Chlamydia (Chlamydia Trachomatis) is a bacteria, that causes an STI. It is spread through genital contact (vaginal or anal) and oral sex with anyone who has the infection. It most commonly affects the urethra, cervix, anus and can also be occur in the throat. For anyone who has a cervix, it can also spread to the uterus and fallopian tubes. Chlamydia can also be transferred to the eyes through rubbing or touching with unwashed hands that have touched the genital area.
Chlamydia is the most common STI worldwide, with over 70,000 notifications in Australia in 2016. Nearly 80% of people who are diagnosed with Chlamydia are between the ages of 15 and 29 years and most do not have any symptoms.
** This means that someone with a Chlamydia infection may not know they have it and can pass it on to someone else through unprotected sex (vaginal, anal, or oral). **
If symptoms occur, they usually develop about 2 to 14 days after having unprotected sex with someone who has a Chlamydia infection.
People with a Chlamydia infection may notice that they have:
• A change in their vaginal discharge.
• Crampy pain in the lower abdomen.
• Menstrual changes including longer heavier periods which may be more painful.
• Pain when passing urine.
• Bleeding or spotting between periods or after having sex.
• Pain during or after sex.
• A discharge from the penis.
• Discomfort or irritation at the tip of the penis.
• Pain when passing urine.
• Swollen and sore testes if the infection goes up the urethra.
The best way to avoid getting Chlamydia is practice safe sex. People who have had unprotected sex (vaginal, anal, or oral) may be at risk of a Chlamydia infection. The only way to know that they do not have an infection is to get a sexual health check.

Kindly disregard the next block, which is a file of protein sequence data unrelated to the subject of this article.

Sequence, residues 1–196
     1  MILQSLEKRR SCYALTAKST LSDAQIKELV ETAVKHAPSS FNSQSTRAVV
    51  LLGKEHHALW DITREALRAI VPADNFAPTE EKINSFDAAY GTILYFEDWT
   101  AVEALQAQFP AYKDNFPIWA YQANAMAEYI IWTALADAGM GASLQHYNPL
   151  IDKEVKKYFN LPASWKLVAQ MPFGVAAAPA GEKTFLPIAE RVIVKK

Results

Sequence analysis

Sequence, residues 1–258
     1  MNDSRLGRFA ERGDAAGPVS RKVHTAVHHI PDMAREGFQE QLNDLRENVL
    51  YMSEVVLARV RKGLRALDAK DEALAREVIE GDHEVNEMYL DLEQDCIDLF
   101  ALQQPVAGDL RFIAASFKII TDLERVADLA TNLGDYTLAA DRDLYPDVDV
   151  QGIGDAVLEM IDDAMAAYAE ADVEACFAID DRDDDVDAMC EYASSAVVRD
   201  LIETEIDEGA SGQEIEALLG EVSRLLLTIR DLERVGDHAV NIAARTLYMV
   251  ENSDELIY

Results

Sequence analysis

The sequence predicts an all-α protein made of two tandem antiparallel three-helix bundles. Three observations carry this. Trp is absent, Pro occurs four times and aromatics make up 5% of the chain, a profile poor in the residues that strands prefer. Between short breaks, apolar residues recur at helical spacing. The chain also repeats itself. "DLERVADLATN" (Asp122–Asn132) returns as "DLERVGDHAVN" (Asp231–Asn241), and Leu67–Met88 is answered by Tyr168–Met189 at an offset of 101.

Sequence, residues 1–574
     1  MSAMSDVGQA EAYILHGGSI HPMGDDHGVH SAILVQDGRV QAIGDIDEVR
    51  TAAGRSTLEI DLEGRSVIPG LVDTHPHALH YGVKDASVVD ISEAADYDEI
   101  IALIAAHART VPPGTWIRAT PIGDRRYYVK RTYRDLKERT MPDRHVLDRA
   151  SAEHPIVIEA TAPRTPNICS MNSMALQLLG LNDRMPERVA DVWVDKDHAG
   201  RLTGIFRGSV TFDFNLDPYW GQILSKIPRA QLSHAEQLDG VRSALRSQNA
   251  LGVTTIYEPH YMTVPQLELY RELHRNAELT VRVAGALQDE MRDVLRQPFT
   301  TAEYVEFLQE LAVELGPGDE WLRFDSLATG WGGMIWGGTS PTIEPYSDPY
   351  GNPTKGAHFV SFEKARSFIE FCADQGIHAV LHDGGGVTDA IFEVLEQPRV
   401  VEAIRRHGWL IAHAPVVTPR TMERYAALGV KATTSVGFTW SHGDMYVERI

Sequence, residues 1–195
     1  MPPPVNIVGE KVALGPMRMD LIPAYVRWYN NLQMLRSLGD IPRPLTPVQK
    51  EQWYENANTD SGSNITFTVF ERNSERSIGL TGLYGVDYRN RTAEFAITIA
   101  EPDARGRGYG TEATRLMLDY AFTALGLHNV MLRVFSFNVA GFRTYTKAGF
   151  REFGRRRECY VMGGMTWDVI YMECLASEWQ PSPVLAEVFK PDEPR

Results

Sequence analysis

Always using condom and dental dams when having vaginal or anal sex is the best way to avoid a Chlamydia infection. Using water-based lubricants with condoms and dams is also recommended. If people have more than one sexual
Without treatment, Chlamydia can spread from the vagina to the cervix, uterus, fallopian tubes, ovaries and other parts of the lower abdomen. This type of infection is called Pelvic Inflammatory Disease (PID). PID is a serious illness that often causes fever and pain in the lower abdomen. PID can cause the fallopian tubes to become blocked with scar tissues and this can lead to difficulties in getting pregnant.
Babies born to a parent with untreated Chlamydia may develop lung and eye infections. Therefore, it is important for anyone who is pregnant to have antenatal checks which should include STI testing early in their pregnancy and late in the pregnancy if they are at high risk.
If you have had unprotected sex (vaginal, anal, or oral) without protection you could have Chlamydia. Testing for chlamydia and other STI’s can be done by your local doctor, family planning clinic or sexual health clinic.
** Testing for Chlamydia is simple. **
The doctor or nurse can test for Chlamydia by:
• Taking a urine sample
• Taking a vaginal, anal or throat swab
** If you have had unprotected sex, you may have Chlamydia, so it is best to have a sexual health check ASAP. **
If people find out they have Chlamydia, anyone they have had sex with within the past 6 months should also be tested and may need treatment at the same time.
Advising sexual partners that they have been exposed to an STI is important for their health and
the health of others that they may have had sex with. Chlamydia can usually be effectively treated with a single dose of antibiotics. In some cases, a longer course of treatment may be needed. This is to ensure it has been treated effectively. Take the tablets as advised, avoid sexual contact or use protection for any sexual for the 7 days after you have taken the tablets. Avoid sexual contact or use protection with others if they are also undergoing treatment.
** Anyone who has had Chlamydia should have another test 3 months after they have been treated to make sure that they have not got Chlamydia again. It is common for people to get Chlamydia again from a sexual partner who has not been treated. **